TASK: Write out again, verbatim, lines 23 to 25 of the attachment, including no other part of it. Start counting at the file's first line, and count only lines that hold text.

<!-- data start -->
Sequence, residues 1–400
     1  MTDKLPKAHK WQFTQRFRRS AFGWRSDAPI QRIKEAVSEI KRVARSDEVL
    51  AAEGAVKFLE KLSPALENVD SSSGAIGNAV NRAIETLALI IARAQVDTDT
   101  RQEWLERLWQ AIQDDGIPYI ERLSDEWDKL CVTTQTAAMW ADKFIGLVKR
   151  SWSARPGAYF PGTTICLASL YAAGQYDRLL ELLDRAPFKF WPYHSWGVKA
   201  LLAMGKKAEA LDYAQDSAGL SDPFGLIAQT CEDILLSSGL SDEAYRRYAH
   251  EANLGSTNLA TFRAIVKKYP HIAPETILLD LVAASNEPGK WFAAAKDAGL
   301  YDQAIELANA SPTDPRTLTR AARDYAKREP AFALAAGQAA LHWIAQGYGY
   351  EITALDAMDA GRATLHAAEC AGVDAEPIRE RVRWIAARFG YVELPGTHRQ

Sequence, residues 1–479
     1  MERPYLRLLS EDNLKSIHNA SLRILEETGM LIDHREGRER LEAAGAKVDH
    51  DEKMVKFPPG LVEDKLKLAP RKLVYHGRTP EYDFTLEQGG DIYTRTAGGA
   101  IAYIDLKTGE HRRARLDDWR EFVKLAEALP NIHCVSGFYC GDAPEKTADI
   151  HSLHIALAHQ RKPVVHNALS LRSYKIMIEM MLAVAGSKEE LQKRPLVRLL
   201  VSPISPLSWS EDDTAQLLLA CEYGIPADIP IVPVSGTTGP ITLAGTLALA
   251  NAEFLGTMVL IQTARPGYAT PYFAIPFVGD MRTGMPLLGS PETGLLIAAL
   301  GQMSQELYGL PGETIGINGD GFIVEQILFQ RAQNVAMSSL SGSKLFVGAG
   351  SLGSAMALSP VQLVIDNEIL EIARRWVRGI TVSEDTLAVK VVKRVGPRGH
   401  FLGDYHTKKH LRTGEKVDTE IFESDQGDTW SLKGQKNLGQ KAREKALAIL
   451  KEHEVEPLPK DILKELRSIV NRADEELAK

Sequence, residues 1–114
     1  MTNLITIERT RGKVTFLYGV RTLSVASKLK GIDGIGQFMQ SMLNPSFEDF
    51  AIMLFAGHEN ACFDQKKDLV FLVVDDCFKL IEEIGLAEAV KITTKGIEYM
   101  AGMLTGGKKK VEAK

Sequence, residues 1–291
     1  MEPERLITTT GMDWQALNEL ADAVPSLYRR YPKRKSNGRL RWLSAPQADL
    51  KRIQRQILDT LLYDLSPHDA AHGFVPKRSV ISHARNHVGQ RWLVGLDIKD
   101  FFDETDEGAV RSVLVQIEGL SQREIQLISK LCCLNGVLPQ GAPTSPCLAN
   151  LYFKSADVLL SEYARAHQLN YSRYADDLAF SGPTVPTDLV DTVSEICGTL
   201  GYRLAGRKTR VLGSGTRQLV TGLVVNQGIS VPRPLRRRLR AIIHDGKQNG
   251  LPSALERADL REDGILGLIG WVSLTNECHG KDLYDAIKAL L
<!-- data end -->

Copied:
    51  AIMLFAGHEN ACFDQKKDLV FLVVDDCFKL IEEIGLAEAV KITTKGIEYM
   101  AGMLTGGKKK VEAK

Sequence, residues 1–291